Friday, June 13, 2008

The Side Effects of Being American

Bigger, Stronger, Faster* is a new documentary that explores the cultural and personal issues surrounding steroid use in the United States. Stylized in the same vein as Moore and Spurlock, first-time director Christopher Bell develops an engaging personal account of steroid-use within his family of three testosterone-filled brothers as they are driven to the limits of hypermasculinity.

The Bell family drama provides an emotional and humorous tone for the film, which is craftily mixed with key interviews and nostalgic images of muscle wrenching from the likes of Hogan, Schwarzenegger, Stallone and company. Bell's experiences allow him to successfully engage gym rats, athletes, policymakers, and others, adding a unique mix of voices to the debate. One of the more interesting interviews in the film involves an individual living with HIV/AIDS who claims that steroids saved his life.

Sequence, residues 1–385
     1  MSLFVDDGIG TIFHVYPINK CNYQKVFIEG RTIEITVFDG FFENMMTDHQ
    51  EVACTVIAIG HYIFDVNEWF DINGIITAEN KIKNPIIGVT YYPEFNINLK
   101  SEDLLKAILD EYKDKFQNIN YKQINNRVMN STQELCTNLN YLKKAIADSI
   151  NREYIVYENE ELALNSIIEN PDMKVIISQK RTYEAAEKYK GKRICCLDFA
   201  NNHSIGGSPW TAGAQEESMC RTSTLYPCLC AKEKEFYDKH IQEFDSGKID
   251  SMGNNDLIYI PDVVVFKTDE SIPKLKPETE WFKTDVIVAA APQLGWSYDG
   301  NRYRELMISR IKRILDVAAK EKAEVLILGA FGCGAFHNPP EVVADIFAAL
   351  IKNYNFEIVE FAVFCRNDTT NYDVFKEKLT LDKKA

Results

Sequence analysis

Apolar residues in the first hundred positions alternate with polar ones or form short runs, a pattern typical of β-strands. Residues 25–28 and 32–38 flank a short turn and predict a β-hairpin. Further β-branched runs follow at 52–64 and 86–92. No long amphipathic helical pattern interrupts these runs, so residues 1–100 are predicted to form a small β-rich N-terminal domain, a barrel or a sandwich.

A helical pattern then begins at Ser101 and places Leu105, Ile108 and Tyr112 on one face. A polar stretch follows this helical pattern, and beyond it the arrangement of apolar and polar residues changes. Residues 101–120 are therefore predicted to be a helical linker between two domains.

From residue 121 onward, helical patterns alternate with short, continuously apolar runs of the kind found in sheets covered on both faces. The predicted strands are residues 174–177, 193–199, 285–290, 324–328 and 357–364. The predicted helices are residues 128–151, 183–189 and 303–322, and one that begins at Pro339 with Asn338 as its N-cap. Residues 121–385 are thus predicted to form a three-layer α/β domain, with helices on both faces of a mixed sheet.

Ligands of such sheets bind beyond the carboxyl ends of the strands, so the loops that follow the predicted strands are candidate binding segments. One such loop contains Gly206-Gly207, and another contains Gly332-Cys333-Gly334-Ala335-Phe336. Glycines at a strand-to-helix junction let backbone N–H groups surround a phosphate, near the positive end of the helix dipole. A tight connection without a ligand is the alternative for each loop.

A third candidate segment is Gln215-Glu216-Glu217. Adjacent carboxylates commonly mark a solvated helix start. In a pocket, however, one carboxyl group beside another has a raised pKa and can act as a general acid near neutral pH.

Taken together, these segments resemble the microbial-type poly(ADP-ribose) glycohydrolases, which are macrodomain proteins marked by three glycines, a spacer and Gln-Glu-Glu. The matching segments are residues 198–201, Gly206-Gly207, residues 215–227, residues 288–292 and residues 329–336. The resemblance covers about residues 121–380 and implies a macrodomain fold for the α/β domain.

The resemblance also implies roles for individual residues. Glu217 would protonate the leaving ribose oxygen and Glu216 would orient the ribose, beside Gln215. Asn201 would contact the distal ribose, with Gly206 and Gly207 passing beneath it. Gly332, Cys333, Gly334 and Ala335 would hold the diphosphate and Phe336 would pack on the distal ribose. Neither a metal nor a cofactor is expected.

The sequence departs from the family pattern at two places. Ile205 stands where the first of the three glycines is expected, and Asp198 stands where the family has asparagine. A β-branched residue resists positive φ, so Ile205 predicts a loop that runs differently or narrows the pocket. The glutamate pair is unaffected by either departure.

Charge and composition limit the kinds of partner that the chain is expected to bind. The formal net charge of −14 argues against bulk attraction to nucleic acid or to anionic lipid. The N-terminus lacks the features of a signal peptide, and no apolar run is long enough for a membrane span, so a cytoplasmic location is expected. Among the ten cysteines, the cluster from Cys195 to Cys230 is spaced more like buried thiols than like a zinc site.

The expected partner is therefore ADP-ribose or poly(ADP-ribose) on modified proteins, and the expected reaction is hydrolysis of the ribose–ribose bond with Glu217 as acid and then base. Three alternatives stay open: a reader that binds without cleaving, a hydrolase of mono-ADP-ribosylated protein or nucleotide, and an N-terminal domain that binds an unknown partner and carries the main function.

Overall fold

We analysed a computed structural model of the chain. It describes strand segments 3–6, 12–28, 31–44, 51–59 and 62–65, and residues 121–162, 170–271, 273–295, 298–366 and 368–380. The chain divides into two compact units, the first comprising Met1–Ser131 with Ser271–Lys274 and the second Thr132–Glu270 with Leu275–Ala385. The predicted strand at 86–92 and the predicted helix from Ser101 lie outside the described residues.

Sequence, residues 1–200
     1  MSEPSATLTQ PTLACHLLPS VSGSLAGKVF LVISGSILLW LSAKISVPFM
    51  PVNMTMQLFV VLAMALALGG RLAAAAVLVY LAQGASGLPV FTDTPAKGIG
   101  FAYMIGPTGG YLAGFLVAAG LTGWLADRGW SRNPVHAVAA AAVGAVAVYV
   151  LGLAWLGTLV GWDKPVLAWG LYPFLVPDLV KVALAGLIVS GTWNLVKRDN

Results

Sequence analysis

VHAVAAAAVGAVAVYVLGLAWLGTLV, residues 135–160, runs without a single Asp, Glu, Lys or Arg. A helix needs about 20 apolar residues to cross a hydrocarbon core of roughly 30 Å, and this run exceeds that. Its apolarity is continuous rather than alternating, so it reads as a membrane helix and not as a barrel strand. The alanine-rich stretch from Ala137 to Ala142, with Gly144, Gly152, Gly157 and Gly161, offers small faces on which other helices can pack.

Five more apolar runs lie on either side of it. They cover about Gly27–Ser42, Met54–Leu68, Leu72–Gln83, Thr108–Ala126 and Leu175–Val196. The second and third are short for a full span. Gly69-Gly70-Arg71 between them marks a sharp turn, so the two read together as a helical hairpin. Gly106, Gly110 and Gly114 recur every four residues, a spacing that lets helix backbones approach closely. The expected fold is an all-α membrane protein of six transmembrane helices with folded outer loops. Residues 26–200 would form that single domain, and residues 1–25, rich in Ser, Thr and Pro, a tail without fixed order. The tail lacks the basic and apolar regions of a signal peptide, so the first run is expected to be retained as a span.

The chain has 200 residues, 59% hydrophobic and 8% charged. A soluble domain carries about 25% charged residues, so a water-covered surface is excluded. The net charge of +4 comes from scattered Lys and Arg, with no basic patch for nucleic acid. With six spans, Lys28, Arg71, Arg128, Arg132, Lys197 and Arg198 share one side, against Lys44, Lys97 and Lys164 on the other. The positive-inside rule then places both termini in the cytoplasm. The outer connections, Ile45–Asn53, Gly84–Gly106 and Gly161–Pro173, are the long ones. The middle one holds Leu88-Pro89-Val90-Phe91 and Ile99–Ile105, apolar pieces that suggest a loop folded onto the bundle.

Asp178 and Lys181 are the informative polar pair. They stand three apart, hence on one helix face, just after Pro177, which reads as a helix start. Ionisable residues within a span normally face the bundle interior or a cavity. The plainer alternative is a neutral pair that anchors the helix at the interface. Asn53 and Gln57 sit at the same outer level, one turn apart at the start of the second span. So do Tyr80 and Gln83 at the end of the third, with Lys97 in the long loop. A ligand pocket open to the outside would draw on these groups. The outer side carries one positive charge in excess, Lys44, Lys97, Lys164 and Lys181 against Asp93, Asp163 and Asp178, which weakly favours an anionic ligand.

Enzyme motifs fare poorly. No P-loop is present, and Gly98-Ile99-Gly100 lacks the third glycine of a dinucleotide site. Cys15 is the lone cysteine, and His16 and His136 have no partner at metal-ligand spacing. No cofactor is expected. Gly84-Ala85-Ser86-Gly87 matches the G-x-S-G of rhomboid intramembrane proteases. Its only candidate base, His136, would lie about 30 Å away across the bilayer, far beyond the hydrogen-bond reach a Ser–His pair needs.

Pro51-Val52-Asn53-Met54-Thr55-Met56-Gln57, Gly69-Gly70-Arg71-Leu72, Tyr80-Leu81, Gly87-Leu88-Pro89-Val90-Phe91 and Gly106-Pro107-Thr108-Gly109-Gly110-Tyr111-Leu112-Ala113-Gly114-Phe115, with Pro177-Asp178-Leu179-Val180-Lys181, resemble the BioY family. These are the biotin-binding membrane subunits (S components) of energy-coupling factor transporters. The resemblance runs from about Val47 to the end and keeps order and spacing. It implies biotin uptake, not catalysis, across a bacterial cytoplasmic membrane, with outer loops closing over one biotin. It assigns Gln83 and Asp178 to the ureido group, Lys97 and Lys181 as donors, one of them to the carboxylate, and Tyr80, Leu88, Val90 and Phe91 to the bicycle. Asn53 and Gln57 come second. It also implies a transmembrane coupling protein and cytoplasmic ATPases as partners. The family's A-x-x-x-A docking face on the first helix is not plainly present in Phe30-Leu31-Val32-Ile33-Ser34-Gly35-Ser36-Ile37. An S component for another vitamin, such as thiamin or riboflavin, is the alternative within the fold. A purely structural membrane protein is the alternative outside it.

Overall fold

Ultimately, the film explores an ambitious male body image, which can at times be both disfiguring and crippling to the human condition. At the same time, there also seems to be a series of contradictions between the moral consensus against performance-enhancement and a culture of masculinity committed to being Bigger, Stronger, Faster*, and American.

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